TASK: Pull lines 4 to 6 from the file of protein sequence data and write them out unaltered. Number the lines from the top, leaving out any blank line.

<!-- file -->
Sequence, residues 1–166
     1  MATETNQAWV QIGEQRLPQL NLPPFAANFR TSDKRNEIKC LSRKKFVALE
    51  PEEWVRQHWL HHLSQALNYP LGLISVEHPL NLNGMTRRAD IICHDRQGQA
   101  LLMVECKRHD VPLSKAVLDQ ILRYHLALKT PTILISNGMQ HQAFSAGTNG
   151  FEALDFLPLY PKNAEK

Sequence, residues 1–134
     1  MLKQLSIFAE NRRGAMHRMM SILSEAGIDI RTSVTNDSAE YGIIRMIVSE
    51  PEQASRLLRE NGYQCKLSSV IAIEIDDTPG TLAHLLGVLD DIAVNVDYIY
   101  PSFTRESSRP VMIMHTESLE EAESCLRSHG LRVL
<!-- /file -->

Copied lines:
   101  LLMVECKRHD VPLSKAVLDQ ILRYHLALKT PTILISNGMQ HQAFSAGTNG
   151  FEALDFLPLY PKNAEK

Sequence, residues 1–134